As a first-termer, Ocasio-Cortez has been a star, even if she has had her stumbles, including an initially troubled relationship with the Speaker of the House, Nancy Pelosi. Ocasio-Cortez has been at the forefront of major issues, including climate change, immigration, campaign-finance reform, and income inequality. Her ability to skewer a balky witness in committee hearings has proved as uncanny as it is entertaining. She came to the House floor Thursday to rebut Yoho, insisting that, after delivering a short retort via Twitter, she might have kept her counsel had he not delivered such a lame non-apology. Her speech, which was then echoed by other colleagues from the Democratic caucus, was not in the Charles Sumner category in either length or style—she favored righteous sincerity where Sumner employed florid invective—but the devastation was of a similar scale. The sporting equivalent might be Billie Jean King’s measured yet unmistakable destruction of Bobby Riggs. The video of Ocasio-Cortez’s speech is available online, of course; it should be studied for its measured cadence, its artful construction, and its refusal of ugliness.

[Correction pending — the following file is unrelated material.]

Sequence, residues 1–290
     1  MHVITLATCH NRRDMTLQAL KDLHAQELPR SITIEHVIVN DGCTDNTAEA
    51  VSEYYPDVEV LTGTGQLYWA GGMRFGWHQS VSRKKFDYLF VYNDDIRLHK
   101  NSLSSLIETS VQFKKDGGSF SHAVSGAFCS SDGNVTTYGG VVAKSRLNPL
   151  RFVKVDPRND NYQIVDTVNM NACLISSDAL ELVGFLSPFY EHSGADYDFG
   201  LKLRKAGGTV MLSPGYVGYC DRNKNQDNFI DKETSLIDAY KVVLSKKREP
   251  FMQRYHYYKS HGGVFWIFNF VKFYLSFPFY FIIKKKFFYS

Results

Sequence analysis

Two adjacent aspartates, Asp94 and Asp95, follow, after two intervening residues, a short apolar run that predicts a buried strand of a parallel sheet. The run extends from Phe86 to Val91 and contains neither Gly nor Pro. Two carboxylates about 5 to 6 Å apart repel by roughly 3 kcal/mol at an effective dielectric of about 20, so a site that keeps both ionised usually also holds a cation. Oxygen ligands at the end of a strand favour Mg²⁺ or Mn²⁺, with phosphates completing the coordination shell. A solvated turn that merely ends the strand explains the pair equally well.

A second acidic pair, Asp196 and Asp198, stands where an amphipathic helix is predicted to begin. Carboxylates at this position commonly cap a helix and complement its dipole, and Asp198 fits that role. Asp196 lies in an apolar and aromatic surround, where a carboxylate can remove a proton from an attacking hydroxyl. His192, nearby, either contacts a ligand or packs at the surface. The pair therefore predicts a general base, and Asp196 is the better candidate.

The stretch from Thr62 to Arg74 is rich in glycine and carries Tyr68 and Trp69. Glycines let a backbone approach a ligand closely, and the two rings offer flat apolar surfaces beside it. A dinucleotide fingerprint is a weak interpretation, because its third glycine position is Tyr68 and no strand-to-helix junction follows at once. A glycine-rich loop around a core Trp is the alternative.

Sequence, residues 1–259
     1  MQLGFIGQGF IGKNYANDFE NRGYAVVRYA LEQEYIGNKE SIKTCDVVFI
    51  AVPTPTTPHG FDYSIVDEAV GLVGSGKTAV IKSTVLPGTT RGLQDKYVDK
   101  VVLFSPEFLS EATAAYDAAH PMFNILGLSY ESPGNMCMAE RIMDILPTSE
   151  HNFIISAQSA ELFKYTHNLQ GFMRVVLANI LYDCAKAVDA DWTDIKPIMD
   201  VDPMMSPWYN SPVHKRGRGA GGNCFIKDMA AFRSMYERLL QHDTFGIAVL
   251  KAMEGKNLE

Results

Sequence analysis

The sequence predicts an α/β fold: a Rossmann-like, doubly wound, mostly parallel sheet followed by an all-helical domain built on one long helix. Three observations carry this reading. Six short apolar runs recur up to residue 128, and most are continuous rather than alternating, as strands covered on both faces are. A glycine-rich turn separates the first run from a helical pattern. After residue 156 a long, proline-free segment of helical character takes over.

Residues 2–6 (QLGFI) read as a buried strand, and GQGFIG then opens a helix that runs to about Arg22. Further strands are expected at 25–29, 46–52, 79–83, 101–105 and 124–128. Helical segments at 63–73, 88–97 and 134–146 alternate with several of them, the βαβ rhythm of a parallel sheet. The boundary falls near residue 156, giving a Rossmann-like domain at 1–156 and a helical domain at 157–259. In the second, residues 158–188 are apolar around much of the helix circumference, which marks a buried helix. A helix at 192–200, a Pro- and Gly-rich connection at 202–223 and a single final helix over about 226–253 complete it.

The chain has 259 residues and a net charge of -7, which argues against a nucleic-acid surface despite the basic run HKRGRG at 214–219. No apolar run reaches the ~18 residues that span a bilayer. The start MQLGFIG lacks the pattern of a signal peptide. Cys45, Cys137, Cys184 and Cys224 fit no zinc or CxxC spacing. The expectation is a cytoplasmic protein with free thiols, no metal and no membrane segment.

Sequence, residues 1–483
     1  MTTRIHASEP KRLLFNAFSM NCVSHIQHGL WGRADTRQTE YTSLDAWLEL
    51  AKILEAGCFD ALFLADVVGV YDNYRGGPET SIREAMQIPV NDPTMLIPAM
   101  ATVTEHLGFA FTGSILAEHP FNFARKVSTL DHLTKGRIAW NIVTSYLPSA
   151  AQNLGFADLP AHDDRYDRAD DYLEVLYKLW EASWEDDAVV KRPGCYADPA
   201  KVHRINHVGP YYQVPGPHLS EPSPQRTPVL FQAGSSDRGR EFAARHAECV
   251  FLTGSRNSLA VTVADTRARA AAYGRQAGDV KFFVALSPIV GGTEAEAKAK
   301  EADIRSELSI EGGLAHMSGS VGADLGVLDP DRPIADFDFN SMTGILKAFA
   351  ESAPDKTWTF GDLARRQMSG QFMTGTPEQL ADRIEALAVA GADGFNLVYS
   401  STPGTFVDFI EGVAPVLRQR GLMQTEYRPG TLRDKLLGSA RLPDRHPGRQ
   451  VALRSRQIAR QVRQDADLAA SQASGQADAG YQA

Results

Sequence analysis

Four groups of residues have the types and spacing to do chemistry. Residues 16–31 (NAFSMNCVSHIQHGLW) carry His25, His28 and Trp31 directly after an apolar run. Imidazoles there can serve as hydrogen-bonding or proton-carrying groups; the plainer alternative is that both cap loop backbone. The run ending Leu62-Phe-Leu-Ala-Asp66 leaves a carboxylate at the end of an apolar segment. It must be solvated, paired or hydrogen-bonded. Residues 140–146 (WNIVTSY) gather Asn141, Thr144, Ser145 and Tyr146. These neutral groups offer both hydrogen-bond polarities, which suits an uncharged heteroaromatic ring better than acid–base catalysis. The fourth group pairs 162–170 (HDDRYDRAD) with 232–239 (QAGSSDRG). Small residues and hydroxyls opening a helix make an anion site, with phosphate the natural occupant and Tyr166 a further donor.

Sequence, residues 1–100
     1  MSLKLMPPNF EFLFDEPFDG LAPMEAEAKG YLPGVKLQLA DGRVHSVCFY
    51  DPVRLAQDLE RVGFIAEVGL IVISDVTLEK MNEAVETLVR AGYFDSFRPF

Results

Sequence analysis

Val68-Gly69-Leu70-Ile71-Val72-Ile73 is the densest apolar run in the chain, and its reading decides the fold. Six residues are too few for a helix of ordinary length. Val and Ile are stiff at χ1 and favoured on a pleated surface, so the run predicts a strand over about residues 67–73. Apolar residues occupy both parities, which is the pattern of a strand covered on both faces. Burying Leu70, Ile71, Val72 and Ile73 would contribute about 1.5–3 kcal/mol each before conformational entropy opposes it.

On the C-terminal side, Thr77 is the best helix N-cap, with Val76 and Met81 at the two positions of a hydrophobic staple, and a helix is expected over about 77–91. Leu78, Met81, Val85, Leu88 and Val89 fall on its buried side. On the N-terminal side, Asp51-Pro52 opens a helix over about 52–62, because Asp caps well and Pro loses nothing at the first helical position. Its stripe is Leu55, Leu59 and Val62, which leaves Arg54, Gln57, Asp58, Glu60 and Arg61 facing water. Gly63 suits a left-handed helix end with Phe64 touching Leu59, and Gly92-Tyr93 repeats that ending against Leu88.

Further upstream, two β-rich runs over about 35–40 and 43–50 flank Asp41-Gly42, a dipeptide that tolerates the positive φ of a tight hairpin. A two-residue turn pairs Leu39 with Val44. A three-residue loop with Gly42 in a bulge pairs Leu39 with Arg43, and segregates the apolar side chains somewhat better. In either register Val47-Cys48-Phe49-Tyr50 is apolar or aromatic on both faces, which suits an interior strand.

She began with narrative, setting the scene: “I was minding my own business, walking up the steps, and Representative Yoho put his finger in my face. He called me ‘disgusting.’ He called me ‘crazy.’ He called me ‘out of my mind.’ And he called me ‘dangerous.’ ” Then she broadened her scope: “This issue is not about one incident. It is cultural. It is a culture of lack of impunity, of accepting violence and violent language against women and an entire structure of power that supports that.” Ocasio-Cortez made it clear that she was not going to fall down and faint. She had heard it all before, on the subway and as a bartender. But she wasn’t going to let this pass, not from a fellow-member of Congress: “I could not allow my nieces, I could not allow the little girls that I go home to, I could not allow victims of verbal abuse, and worse, to see that. To see that excuse, and see our Congress accept it as legitimate and accept it as an apology and to accept silence as a form of acceptance. I could not allow that to stand.” What’s more, she was not going to allow Yoho, in his clumsy way, to use his family as a “shield” for his barrage.